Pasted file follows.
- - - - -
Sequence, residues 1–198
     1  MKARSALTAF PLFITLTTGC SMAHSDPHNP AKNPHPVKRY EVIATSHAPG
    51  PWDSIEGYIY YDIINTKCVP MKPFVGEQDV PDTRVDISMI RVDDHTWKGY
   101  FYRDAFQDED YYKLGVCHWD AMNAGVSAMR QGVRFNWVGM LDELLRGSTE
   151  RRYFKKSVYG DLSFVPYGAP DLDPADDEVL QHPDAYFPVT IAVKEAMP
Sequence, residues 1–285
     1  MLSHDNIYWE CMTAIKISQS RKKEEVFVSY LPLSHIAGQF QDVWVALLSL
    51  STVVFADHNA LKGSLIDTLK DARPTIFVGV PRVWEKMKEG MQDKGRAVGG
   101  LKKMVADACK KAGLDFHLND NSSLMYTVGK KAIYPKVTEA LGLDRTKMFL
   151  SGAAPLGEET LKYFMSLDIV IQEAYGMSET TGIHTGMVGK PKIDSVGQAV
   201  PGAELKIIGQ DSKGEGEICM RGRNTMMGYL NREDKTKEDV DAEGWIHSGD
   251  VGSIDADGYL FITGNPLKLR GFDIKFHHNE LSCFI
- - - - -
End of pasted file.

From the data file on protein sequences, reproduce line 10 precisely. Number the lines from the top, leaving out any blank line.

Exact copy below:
   151  SGAAPLGEET LKYFMSLDIV IQEAYGMSET TGIHTGMVGK PKIDSVGQAV